Sighs and groans from all corners of the country often greet mid-season international breaks here in English football. However when realisation sets in and the sheer thought of no football for three whole months during the summer becomes a reality, those who lambast the Football Association for allowing such breaks to interrupt the flow of the Premier League or EFL calendar for what may appear on paper as a pair of pointless international friendlies or preliminary qualifying rounds, are transformed and soon welcoming the European Championships or World Cup with open arms. Even when you know full well that for England at least, it has become all too familiar of a tale and their destiny, if previous years is something to go by, is already marked out for them before a ball is kicked. A comfortable, morale-boosting cruise through the preliminary qualifying rounds reignites the World Cup fever that football fans would probably be lost without during a World Cup year, then leads to England making hard-work of eventually qualifying from a group that look like much easier challengers on paper.
From there onwards it’s a case of when more so than if England will get knocked out. Brazil (2002), Germany (2010) and even in last years 2016 European Championship, the shock of being knocked out by Iceland still hang settled in some quarters of the England support. Then no doubt a post-mortem of the tournament will consequently, as it always does, take place at the FA with the future of the serving England manager considered with a degree of urgency that England fans would have liked their country’s players to mirror on the pitch when it really mattered. An often underwhelming managerial appointment soon follows and before you know it we’ve come full circle as all eyes then turn to a new round of qualifying fixtures aimed at what has often become inevitable qualification to either one of the international competitions somewhere down the line. The old club over country debate soon resurfaced and wearing three lions on your shirt is no more… At least not for another three or four years. The expectation comes and goes but the hurt goes on – how many years is that now?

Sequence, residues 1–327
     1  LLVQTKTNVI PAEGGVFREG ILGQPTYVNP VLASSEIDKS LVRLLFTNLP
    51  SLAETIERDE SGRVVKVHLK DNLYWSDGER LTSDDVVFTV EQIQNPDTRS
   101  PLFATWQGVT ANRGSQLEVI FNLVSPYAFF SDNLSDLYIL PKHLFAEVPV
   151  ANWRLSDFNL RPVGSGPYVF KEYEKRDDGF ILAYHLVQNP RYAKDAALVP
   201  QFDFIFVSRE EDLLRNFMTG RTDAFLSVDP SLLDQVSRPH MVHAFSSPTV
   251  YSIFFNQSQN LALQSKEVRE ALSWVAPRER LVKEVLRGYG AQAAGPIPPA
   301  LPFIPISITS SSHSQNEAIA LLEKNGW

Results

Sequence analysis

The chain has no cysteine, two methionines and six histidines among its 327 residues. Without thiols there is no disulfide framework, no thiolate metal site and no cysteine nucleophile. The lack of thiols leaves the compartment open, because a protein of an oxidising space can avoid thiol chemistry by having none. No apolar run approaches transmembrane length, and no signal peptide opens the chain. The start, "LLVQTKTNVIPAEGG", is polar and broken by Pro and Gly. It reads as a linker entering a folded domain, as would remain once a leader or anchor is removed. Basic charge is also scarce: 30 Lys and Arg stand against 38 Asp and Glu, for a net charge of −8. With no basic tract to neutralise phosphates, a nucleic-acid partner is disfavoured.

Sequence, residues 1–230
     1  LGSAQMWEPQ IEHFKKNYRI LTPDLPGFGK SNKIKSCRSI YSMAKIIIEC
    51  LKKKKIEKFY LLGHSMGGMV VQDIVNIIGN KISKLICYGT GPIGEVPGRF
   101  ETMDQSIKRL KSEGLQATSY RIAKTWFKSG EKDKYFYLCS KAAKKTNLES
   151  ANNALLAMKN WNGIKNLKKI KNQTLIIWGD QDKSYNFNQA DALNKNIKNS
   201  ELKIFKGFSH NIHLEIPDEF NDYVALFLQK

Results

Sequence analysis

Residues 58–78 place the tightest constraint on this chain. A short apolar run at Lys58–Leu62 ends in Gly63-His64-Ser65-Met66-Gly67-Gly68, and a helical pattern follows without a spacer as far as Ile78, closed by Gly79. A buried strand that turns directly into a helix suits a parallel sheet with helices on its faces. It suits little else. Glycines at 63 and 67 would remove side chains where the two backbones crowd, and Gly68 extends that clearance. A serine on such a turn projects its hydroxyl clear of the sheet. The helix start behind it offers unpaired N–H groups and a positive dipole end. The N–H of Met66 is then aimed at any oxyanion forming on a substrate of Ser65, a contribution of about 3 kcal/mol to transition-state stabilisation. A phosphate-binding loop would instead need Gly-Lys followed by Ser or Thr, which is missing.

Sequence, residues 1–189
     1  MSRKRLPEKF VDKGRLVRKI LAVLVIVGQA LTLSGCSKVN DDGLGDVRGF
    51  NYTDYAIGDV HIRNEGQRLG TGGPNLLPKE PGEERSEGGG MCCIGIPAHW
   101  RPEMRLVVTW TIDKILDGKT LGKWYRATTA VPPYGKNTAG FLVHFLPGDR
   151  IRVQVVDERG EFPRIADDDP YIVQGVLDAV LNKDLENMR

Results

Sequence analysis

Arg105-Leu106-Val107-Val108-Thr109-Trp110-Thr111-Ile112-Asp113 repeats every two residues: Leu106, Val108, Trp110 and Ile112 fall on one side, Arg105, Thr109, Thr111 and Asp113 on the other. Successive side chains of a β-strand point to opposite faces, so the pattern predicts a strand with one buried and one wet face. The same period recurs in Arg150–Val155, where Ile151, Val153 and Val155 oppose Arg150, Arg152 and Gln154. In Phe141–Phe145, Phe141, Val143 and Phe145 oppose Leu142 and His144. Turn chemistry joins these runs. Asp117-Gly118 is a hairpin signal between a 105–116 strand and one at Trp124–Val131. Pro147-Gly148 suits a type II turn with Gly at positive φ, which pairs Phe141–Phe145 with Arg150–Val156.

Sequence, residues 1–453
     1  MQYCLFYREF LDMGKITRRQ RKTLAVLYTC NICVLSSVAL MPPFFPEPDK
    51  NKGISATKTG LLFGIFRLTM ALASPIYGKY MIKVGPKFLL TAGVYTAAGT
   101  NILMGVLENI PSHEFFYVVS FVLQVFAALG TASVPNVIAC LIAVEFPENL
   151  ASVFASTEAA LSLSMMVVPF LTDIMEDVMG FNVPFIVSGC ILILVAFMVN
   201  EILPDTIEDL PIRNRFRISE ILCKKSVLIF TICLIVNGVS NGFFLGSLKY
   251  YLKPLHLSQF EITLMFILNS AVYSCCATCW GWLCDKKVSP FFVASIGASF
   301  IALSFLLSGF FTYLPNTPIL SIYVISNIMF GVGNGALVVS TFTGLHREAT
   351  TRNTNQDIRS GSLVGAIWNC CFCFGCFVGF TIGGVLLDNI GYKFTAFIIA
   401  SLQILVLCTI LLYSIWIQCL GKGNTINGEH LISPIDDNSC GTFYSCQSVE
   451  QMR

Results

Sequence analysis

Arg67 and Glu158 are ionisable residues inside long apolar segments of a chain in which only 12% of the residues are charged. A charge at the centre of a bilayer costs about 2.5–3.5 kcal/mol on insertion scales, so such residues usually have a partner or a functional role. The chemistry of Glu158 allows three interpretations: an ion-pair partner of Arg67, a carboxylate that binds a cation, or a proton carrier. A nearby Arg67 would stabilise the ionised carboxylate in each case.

Yet away from the European continent, in parts of the world perhaps not blessed with the same degree of financial resources that many of the top leagues in Europe have in reserve, the international break at least seems to mean much, much more than it does for fans of European clubs. The first of many qualifying games in an often protracted group stage in the likes of CONCACAF, South America and across Africa are welcomed with open arms by both fans and the players that regularly display a genuine willingness to travel the several thousands of miles needed to get back their native homeland and bring home all three points for their country.
From both an arguable sense of greater national pride and stepping out on the pitch in your country’s national colours to the impact of a player’s distance from his home country arguably making the love of playing internationally that bit stronger than those a short train journey away from England’s training centre during an international break, other continents most certainly embrace rather than endure the international break. Even in spite of a country’s individual problems and difficulties, football’s great pulling power of bringing communities and different citizens together through their shared love of the sport is what should differentiate the international break to the domestic football calendar yet you can’t help but feel a severe lack of togetherness every time it comes to taking your attention away from domestic football and onto the international stage.